This center was established in 1985 to develop novel magnetic resonance methods for studies in health and disease. A unique component of the MRRC research program is 13C MRS metabolic imaging to follow the metabolism of substrates in brain, liver, and muscle. Yale has also played a pioneering role in development of functional magnetic resonance imaging (fMRI). Over 30 NIH funded investigators from 11 Yale departments make extensive use of the MRRC facilities, about half of whom are DERC members conducting diabetes-related research. The MRRC occupies 27,000 square feet of the new TAC building and has a 30 person research staff with extensive experience in the development of MR technology. Major equipment includes a 4T Bruker whole body system for human MRS, a 3T Siemans Trio for fMRI, a 1.5T Siemans Sonata for MRI, fMRI, and MRS, 11.7T, 9.4T and 4.7T horizontal small animal systems, a 500 and 600 MHz vertical MRS system for protein structure and biochemical analysis. These systems have state-of-the-art electronics and are capable of performing the full range of MRS and MRI sequences, including 13C, 31P, and 1H MRS, spectral editing, short echo acquisition, and 3/4D spectroscopic imaging. A 7 Tesla magnet has recently been purchased and will shortly be available for human research in diabetes.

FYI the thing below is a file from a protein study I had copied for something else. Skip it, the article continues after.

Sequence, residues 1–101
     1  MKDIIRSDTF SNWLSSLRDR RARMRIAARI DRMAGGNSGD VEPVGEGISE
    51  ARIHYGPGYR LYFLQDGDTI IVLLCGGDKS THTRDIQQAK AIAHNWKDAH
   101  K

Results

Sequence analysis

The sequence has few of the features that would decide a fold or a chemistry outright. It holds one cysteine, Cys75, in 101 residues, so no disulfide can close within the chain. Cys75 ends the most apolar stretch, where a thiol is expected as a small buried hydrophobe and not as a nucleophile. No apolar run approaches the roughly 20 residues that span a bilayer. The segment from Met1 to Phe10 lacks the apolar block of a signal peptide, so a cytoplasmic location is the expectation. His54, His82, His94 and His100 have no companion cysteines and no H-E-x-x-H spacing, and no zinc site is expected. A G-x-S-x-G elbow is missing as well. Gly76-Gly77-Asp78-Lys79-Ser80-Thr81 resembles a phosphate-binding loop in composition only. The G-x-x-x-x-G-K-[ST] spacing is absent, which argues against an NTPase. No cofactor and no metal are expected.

The MRRC is fully equipped for patient studies, including a waiting area, interview room, changing rooms, showers, and two fully equipped patient research beds. There has been a steady increase patient-based research protocols using either fMRI or MRS and a rapidly growing list of investigators who incorporate MRI or MRS into their protocols. Funding of the CTSA provides DERC investigators with the opportunity to obtain assistance in designing protocols and performing MRI/MRS studies as well as providing pilot support for initiatives in diabetes.